Silicon-on-Seine: world's biggest tech incubator opens in Paris
Paris takes a step closer Thursday to fulfilling its ambition of becoming Europe's technology capital when President Emmanuel Macron inaugurates Station F, the world's largest start-up incubator on the banks of the Seine.
The 34,000 square-metre (366,000 square-foot) facility which entirely fills an old railway depot is being bankrolled by billionaire Xavier Niel, who revolutionised the French internet and mobile market with his low-cost Free service and is now on a crusade to put French technology on the map.
The cavernous concrete and glass hub, which aims to house up to 1,000 start-ups, will be a "very visible place that creates a strong image for Paris", Niel told AFP.
"The idea is to create a place that acts like a beacon and helps others," he added.
Station F is situated in the fast-changing 13th district -- an airy neighbourhood of modern high-rises, shops and cinemas that is home to the national library.
The space has been designed to create the feel of an American college campus, with entrepreneurs paying 195 euros ($221) a month for a spot in the hub, which is divided into three areas: "create", "share" and "chill".
The incubator is the biggest of around 40 that have sprung up in the French capital, which is competing with London and Berlin for the title of Europe's technology leader.
The 39-year-old Macron, who won election at the head of a liberal grassroots movement often likened to a startup, has pledged to promote entrepreneurship and quash perceptions that France is "unfriendly" to business.
- 'Start-up nation' -
"I want France to be a start-up nation. A nation that thinks and moves like a start-up," he said earlier this month at a tech conference in Paris, where he announced the creation of a 10-billion-euro ($11.3-billion) fund for innovation.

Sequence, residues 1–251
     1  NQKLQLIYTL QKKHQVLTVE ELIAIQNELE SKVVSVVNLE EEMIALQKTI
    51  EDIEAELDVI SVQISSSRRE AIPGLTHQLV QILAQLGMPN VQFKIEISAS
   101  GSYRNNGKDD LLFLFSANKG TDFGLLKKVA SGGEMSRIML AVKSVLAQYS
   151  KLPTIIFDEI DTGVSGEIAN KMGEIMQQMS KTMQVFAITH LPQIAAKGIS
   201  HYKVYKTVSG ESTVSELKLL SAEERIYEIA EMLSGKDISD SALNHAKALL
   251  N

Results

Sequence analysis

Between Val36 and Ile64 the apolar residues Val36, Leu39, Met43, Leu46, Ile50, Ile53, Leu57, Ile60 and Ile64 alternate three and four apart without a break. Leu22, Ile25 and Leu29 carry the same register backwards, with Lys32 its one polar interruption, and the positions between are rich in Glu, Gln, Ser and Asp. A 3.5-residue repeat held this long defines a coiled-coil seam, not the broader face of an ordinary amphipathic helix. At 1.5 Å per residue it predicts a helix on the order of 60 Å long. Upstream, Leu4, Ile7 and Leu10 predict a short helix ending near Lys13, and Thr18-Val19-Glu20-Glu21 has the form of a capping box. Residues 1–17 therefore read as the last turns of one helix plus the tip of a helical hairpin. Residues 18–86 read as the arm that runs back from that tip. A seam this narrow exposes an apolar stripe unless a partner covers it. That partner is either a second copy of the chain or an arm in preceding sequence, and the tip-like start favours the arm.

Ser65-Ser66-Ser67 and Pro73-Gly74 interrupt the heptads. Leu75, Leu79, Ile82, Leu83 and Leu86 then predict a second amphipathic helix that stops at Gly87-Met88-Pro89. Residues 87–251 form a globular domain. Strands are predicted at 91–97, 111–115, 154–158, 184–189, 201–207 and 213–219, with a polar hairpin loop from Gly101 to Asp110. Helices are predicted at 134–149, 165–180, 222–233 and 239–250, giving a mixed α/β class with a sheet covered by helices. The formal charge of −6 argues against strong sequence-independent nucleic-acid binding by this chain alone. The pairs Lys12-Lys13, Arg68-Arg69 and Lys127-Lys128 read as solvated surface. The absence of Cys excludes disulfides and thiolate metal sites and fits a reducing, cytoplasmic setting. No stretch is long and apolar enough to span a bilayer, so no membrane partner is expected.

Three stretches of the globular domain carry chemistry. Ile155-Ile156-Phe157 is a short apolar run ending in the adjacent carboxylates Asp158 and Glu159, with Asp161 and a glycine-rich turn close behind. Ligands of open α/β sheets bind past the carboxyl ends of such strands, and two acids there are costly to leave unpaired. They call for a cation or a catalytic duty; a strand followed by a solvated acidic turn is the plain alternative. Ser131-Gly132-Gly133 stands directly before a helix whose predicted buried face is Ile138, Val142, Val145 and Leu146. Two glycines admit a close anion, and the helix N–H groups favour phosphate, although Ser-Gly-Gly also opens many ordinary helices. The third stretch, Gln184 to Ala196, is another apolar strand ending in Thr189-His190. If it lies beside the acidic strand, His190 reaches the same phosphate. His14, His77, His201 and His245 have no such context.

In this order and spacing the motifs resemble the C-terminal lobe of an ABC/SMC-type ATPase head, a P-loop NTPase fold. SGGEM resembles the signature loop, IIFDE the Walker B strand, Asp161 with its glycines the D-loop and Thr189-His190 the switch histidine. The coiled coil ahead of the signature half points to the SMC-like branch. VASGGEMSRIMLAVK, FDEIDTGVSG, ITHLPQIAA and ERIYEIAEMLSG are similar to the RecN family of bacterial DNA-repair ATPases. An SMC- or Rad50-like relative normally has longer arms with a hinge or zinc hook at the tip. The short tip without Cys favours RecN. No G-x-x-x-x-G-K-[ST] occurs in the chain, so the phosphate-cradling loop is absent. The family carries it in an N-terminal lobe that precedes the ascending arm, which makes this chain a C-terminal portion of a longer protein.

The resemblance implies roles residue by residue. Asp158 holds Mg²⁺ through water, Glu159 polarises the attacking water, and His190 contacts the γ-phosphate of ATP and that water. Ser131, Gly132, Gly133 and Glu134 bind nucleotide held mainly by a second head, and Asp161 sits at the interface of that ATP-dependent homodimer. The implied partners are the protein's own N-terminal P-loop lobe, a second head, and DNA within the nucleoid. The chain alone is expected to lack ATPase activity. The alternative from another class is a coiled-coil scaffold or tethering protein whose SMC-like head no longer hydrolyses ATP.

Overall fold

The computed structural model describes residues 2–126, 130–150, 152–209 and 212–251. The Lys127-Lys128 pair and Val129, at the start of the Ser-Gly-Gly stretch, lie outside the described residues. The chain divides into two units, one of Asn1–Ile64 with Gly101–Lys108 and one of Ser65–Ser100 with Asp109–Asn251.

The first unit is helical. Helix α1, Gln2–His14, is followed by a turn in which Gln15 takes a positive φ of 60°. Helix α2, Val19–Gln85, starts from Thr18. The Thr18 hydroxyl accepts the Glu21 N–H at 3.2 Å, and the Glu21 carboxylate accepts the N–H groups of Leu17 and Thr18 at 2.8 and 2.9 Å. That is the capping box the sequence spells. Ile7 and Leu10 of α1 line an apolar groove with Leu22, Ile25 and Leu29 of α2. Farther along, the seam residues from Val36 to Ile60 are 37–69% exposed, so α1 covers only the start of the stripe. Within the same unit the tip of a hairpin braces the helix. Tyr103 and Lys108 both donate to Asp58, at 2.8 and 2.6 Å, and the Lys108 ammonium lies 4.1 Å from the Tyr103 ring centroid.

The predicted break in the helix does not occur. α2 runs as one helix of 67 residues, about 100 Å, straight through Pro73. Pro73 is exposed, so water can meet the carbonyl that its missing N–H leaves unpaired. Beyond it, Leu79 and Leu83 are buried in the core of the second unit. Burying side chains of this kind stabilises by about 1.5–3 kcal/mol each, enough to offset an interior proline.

"This is the place to be!", he declared.
Facebook, Amazon and Microsoft have already come onboard Station F, to mentor the startups.
The entrepreneurs will also partner on-site with top French universities and venture capital funds.
Niel, who launched a no-fees school for computer coders in Paris in 2013 that broke the educational mould, has invested 250 million euros of his own money in Station F.
He envisages a day when "people from the world over will come to create their startup in Paris."
Currently, London has the lead in luring international talent.
The French are hoping the pendulum will swing across the Channel when Britain leaves the EU.
In the first half of 2016, France squeaked by Britain for the number of start-up financing operations, the EY consultancy found.
By the amount raised, however, Britain was far in the lead at 34 percent, with France in second place at 16 percent, although that was still over one billion euros.
- French bashing no more -
Among those to have received huge capital injections from US investors are BlaBlaCar -- valued at over 1.0 billion euros, making it what is known in the tech sector as a "unicorn" -- and online advertising firm Criteo.
"The dinner table conversation has gone from French bashing to French tech," according to 29-year-old Remy Rousset.
Rousset's start-up Wivaldy, which helps consumers control their electricity consumption, is one of the companies that will occupy a berth in Station F.
"It's good to be part of an ecosystem, where everyone is in the same mindset and wants to grow very, very fast," he said.
An engineer by training, Rousset said the business climate for entrepreneurs in France had changed "enormously" since he graduated in 2009, thanks to the growing network of incubators.
"Back then many dreamed of one thing: going abroad and working for a big group. Now, when you talk to students they want to stay in France and join a startup. It's a golden age!"
© 2017 AFP